FORT BRAGG, N.C. ― Twenty special-operations Soldiers clad in academic regalia and jump boots crossed the John F. Kennedy Auditorium stage June 3 to receive diplomas from the National Defense University’s College of International Security Affairs.
These individuals made up the first class to be awarded fully accredited Master of Arts degrees in strategic-security studies through CISA’s Fort Bragg campus at the U.S. Army John F. Kennedy Special Warfare Center and School.
“We’re gathered to recognize the academic accomplishments of 20 special operators who have answered the call for service time and again,” said Garry Reid, the ceremony’s guest speaker and the Deputy Assistant Secretary of Defense for Special Operations and Combating Terrorism. “What we have here are people with a thirst for challenge and a thirst for adventure.”
In their next assignment, these Special Forces, Infantry, Military Information Support Operations and Civil Affairs Soldiers will report to one of the Army’s operational units armed with the ability to think critically, reason academically and challenge assumptions, Reid said.
For 10 months, these students"13 commissioned and seven noncommissioned officers"have participated in a demanding schedule of seminars and graduate-level courses. Core courses focused on geostrategy, strategic thought, and power, ideology and legitimacy. Students also selected an area of concentration: irregular warfare or international security studies.
“We educate operators, war-fighters and combat service support professionals in the life of the mind, and then turn them back to their environment,” said Vice. Adm. Ann E. Rondeau, NDU President.
One of the program’s students will deploy with an operational unit within a week of the graduation ceremony, Rondeau said.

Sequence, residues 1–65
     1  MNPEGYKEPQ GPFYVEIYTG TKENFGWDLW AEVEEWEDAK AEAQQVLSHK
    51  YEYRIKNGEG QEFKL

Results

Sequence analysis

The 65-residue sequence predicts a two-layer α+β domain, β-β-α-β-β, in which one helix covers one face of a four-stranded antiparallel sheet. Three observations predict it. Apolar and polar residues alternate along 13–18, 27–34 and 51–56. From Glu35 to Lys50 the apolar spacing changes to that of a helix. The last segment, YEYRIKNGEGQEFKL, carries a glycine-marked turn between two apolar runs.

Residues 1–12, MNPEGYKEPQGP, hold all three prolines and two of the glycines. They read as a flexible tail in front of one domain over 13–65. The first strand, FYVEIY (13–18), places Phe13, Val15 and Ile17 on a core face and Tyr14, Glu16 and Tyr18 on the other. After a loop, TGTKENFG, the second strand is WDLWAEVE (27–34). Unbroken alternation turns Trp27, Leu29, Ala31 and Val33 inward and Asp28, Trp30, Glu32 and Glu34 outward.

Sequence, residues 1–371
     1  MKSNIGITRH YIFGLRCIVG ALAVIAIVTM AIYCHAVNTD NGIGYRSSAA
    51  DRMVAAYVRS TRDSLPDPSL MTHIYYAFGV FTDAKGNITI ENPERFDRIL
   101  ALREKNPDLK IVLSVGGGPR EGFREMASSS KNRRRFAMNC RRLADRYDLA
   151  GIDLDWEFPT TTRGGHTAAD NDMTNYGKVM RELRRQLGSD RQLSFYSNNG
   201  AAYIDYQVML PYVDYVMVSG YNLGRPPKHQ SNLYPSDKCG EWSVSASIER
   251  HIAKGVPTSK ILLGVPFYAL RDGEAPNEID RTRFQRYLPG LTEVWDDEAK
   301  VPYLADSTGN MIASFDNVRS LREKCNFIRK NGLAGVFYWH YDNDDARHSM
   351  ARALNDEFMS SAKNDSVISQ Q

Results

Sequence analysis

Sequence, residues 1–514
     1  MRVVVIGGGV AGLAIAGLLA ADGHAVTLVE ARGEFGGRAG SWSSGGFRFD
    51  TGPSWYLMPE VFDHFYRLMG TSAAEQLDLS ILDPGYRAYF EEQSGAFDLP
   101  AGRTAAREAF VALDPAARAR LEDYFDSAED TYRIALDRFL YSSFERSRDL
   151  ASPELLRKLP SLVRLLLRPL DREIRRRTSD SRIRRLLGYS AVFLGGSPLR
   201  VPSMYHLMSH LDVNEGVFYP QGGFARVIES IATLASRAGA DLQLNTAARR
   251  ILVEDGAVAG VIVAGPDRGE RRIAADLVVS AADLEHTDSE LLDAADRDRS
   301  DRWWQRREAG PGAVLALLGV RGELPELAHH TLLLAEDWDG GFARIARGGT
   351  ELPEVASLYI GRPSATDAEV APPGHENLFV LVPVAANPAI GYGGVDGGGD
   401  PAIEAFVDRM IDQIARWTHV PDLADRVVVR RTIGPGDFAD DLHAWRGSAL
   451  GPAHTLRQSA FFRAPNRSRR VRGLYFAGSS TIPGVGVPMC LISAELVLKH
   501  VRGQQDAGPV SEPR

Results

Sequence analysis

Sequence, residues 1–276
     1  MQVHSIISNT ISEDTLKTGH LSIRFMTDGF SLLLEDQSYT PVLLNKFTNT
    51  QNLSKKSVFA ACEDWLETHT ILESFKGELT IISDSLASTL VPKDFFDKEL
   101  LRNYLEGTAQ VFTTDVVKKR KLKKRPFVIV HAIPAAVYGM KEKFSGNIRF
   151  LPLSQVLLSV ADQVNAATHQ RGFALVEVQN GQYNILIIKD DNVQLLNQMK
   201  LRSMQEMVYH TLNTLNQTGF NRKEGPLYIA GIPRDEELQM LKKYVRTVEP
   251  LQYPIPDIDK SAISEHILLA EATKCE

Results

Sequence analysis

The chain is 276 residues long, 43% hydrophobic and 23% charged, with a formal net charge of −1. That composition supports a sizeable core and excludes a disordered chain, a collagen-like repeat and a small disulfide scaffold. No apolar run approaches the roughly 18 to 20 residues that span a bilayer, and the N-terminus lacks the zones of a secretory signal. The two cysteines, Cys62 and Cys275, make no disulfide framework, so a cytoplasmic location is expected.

These Soldiers will return to the operational force, but their advanced education will play a role throughout their careers.
The military needs people who can combine the arts of counterinsurgency and irregular warfare with a well-developed sense of tactical insight, said Reid, who is a retired Special Forces command sergeant major.
This degree will propel the graduates along a path into increasingly greater positions of influence and discussions, and they are now armed to speak the language of strategy, policy and academic reasoning, he said.
“You have to do the true Special Forces thing, which is to blend in and adopt the culture of an indigenous force,” Reid said. “In this case, your new indigenous force is the large world of policy and academia. If you want to be relevant and you want to influence your leaders’ decisions, then you have to speak the language.”
Maj. Gen. Bennet S. Sacolick, the SWCS Commanding General, challenged all special-operations Soldiers to pursue advanced degrees.
“If you are sitting in this auditorium and you do not have a plan to get advanced civilian education, then shame on you,” Sacolick said. “If you don’t have an associate’s degree, you need to get one, and then you need to get a bachelor’s and then a master’s degree, if you’re going to function, as I need you to, as a member of our regiments.”
SWCS conducts initial qualification and advanced skills training, as well as regional culture and language education, for special-operations Soldiers. The command’s Department of Education led the effort to coordinate the master’s degree program with NDU.
“We respect and acknowledge the notion of life-long learning,” Rondeau said. “Learning does not stop today, and it will never stop.”
The program mirrors the Master of Arts in Strategic Security Studies degree program offered at NDU’s main campus at Fort Lesley J. McNair in Washington, D.C., which is available to personnel from U.S. departments and agencies, congressional staffs, and military and civilian representatives of the international community.